“This system has experienced abnormally low flows in recent years. Water restrictions have been implemented for users in the Caledon River system, and releases from the Lesotho Highlands transfers into the Little Caledon River are being implemented to augment the system in the short-term,” said the Minister.
In the Northern Cape a total of 280 communities depend on groundwater because the province is located in a semi-desert climate and experiences low rainfall.
“Many of these towns are already using over 76 per cent of groundwater, potential and alternative sources of water are being investigated to reduce the risk of non-supply of water,” she said.
The average water level in all dams in the Northern Cape is 53 per cent and water restrictions are currently being implemented.
In the Western Cape the average dam level is 70 per cent, which is low compared to last year because of lower-than-normal rainfall during the past winter.
Main drought impacts are on agriculture in the Vredendal, Garies, Bitterfontein areas, where the farmers have already applied for drought relief for their stock.
Most of Gauteng’s water is supplied by the Vaal and Crocodile West River systems. Minister Mokonyane said the average dam levels are currently at 84 per cent and pose manageable short-term water security risk.
“No hydrological drought is experienced currently. A number of projects are however underway to address service delivery problems,” she said.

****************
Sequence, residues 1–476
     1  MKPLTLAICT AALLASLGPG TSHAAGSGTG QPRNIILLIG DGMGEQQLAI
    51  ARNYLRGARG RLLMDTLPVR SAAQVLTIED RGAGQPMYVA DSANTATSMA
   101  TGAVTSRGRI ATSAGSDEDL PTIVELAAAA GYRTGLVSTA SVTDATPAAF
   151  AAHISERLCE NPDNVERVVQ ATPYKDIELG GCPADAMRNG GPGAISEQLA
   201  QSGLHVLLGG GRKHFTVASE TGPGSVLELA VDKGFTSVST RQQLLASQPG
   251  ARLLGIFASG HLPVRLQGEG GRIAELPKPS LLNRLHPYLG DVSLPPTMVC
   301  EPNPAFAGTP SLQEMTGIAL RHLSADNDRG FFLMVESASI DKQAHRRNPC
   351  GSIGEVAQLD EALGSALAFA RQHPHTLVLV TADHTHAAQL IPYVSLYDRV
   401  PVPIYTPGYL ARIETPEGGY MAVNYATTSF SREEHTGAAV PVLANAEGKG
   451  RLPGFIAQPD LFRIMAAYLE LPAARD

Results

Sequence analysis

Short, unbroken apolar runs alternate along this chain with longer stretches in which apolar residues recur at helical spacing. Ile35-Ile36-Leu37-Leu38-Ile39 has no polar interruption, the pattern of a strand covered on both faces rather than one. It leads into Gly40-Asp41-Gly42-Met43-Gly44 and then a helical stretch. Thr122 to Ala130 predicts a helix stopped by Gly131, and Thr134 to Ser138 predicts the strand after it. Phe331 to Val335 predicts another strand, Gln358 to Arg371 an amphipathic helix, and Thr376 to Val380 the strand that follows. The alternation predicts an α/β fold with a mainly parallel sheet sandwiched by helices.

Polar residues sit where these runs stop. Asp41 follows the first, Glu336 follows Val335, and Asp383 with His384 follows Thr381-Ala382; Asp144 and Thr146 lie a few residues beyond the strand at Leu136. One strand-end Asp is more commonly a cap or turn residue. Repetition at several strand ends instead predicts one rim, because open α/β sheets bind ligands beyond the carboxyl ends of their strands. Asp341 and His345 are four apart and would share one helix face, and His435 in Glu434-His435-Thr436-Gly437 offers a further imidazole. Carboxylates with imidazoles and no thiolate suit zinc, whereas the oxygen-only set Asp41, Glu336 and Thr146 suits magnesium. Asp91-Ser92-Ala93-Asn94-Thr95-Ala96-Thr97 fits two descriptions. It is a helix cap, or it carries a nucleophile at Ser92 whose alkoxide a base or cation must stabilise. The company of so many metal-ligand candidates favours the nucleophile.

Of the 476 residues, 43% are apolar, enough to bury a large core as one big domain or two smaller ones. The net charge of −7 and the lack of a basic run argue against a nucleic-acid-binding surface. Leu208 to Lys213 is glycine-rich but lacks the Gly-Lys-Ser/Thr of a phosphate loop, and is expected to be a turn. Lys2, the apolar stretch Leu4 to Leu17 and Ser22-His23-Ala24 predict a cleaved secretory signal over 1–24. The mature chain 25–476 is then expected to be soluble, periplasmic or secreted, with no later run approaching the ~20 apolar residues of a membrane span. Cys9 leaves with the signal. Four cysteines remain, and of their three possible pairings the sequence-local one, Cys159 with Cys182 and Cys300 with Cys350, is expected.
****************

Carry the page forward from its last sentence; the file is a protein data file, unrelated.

The restrictions that have been implemented by Rand Water are as a result of the current high weather conditions, which could lead to a drought situation. The City of Tshwane implemented water restrictions in most towns due to the heat wave in October. While Joburg Water had not yet implemented water restriction, communities have been advised to use water wisely.
In the Eastern Cape, the water situation is generally good with average dam level at 78 per cent and most of the key dams are at full or close to full levels.
However, the Minister said there were areas of concern including Butterworth/Idutywa.
“Water restrictions should be implemented urgently to stretch the available water in the system.”
The average water level of dams in Limpopo is 71 per cent with 12 of 24 dams above 80 per cent and four dams below 50 per cent. The recent construction of the De Hoop Dam is expected to bring relief to the rapid growth in mining and domestic water demands in the Sekhukhune District Municipality.
The Minister said the department will intervene in addressing challenges in Limpopo, to help local government to manage them.
In Mpumalanga, dam water levels are on average at 70 per cent. Minister Mokonyane said the drought stricken area is primarily located in the south bordering KwaZulu-Natal and Swaziland.
“Despite below average rainfall, the domestic water supply systems are still in good state,” she said.
In KwaZulu-Natal the average water level of the dams is currently 58 per cent of full supply capacity. Three of the 18 large water supply schemes are at risk, and 42 of the 117 schemes are affected by drought.
“A plan of action has been developed, including drilling of boreholes, spring rehabilitation and packaged desalination plants. More than 150 tankers have already been deployed in 12 local municipalities," said the Minister.